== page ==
Did you know that installing a countertop alone corresponds to 30% of the full price you pay when upgrading your stone surface? Why does it cost so much? Is this reasonable?
In this article, you’re gonna find out exactly how a countertop is installed, what are the main difficulties of the process, which tools are necessary and much more.
Why is installing a countertop a challenge?
Both natural stones and quartz offer a combination of characteristics that make them hard to handle. They are very heavy, and although known for their durability, when handled they can easily crack or break. This means that transporting it is difficult, to begin with.
Besides, their very high hardness makes them only cuttable through special (and dangerous) tools.
Installing a countertop will require skill, patience, specific materials and tools, and of course, time.
Preparing for installation
The installation of a countertop starts even before it’s ordered from a trusted manufacturer.
Your old countertop must be removed and your kitchen must be thoroughly measured. Everything that can affect the shape of the countertop must be verified, such as pipes, wall bumps, etc.
You must make sure your cabinets can handle the weight as well. Are they properly supported and sturdy? If not, they might need to be reinforced with support beams. If you’d like your new countertop to extend to areas where no cabinet is available to take their weight, the installation of support ledges will be necessary.
The next thing that must be checked is if all of the supporting structures are leveled. Leveling must be perfect since any void areas bellow your stone or quartz slab are basically inviting a crack.
Now, these initial measurements, once taken, won’t be used to create the actual countertop as that would be too risky. After a stone is cut, there’s no coming back, and no one wants to operate with that risk. Instead, a template must be created to be tested in place first.
This template might be prepared out of many materials such as cardboard or even wood. An even safer way of doing it, which is our choice here at Eagle Stones, is to create a plastic model replicating the exact measurements of your future countertop.
For creating the template, the exact locations of cutouts and holes must be considered. Also, the length of the countertop overhang must be decided.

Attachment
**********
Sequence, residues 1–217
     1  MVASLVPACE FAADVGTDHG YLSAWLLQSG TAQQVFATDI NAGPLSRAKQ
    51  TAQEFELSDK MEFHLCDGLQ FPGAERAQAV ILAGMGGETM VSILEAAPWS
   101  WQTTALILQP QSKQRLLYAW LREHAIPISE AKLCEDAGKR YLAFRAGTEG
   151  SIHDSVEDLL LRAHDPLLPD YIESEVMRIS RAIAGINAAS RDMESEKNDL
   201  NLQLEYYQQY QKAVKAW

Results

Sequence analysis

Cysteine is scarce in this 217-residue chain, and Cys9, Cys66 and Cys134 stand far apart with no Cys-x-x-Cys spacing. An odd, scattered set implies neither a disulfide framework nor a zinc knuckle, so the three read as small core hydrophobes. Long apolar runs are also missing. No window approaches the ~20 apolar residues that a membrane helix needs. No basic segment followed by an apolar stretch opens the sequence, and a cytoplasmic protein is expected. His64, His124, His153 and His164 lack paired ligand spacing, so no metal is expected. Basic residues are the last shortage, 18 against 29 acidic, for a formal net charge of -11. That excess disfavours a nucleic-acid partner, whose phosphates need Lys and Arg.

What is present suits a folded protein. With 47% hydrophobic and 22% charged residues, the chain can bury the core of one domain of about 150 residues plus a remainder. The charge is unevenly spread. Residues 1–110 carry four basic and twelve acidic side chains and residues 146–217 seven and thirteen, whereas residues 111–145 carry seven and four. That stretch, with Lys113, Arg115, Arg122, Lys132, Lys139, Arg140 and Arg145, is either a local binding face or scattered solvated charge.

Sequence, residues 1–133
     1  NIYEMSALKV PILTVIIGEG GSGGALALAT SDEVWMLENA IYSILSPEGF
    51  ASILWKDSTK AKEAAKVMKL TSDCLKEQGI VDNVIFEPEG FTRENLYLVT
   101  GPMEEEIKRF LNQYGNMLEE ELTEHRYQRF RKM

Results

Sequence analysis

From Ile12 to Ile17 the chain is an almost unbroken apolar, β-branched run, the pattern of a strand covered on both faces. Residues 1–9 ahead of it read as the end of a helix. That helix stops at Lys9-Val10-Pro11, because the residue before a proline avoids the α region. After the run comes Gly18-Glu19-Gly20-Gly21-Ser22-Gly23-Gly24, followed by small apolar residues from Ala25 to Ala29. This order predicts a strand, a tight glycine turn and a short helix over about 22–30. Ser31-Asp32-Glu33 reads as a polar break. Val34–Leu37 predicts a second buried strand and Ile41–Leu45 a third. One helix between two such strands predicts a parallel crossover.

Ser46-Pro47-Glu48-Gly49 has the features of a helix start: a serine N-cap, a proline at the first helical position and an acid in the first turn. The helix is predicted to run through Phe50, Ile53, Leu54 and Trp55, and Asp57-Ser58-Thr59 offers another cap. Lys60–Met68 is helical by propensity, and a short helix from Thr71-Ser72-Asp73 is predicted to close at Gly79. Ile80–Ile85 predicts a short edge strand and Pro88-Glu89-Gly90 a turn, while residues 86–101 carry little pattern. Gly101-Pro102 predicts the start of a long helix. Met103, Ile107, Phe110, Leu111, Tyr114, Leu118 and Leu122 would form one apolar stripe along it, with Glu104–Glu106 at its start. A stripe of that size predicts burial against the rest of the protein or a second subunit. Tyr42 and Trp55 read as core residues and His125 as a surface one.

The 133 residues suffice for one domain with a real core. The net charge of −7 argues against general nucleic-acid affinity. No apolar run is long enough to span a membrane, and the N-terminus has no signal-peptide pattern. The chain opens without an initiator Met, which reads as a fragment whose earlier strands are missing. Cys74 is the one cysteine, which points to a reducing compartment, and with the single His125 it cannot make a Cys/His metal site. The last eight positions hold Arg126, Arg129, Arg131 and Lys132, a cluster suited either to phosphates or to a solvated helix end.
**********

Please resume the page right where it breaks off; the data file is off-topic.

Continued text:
If the template is approved then the actual countertop can be ordered.
Transporting natural stone and quartz countertops
As we’ve mentioned, transporting slabs is one of the hardest parts of installing a countertop. Bear in mind a 2’ x 6’ stone countertop can weigh more than 400 pounds, carrying it is not a one-person job.
To make it worse, natural stone and quartz slabs must always be carried in a vertical position, this will avoid cracking or breaking. That said, when transported on trucks or pick-ups an A-frame rack is necessary.
Extra care must be taken every time countertops are handled, especially in thin areas like cutouts.
Installing a countertop
Before being permanently installed in your kitchen, countertops must be dry-fitted so a perfect fit is ensured. The slab must then be laid on the frames of your lower cabinets.
Besides checking again if all cutouts and holes are in the right places, one should also make sure that the wall-facing edge of the countertop is completely flush with the wall.
This is the last chance for adjustments, if anything is wrong, the countertop must be removed and then corrected. Often, the wall-facing edge will require some grinding with a diamond pad in order to completely match the wall.
Once everything is okay and the slabs are again dry-fitted in place it’s time to prepare the seams, if any.
Joints will be filled and sealed with a color-matched two-part epoxy mixture. That is one of the trickiest parts of the project. The surface area near the edges must be protected with tapes to ensure its polishing won’t be affected and the joint must be made perfectly level so that it’s as imperceptible as possible. The best results require the usage of a device that presses both slabs against each other and a seam setter.
After the epoxy has hardened, all excess must be scraped carefully not to damage the stone surface.
With all the seams ready, it’s finally time to secure to slabs to the lower cabinets. Even the countertop weight is nearly enough to ensure no movement, a bead of caulk is run all along the perimeter of slab where it meets the supporting structure.
Finishing the installation
Once the countertop is secured to the supporting structure, only one thing is left out for the installation to finish. Besides cleaning, of course.
If it’s a natural stone product, it must be sealed. For more details about how countertops are sealed, you can check our complete article on the topic.
That’s the end of it, as you’ve probably noticed, installing a countertop requires both the proper skills and tools. For this reason, most stone care experts affirm that despite some successful attempts, it is not a DIY project. Plus if you’ve spent a lot of money in the perfect kitchen countertop, you will want a flawless installation, not a risk.
If you’re living around Sarasota in Florida, you can trust our team at Eagle Stones when upgrading your countertops. Visit our showroom.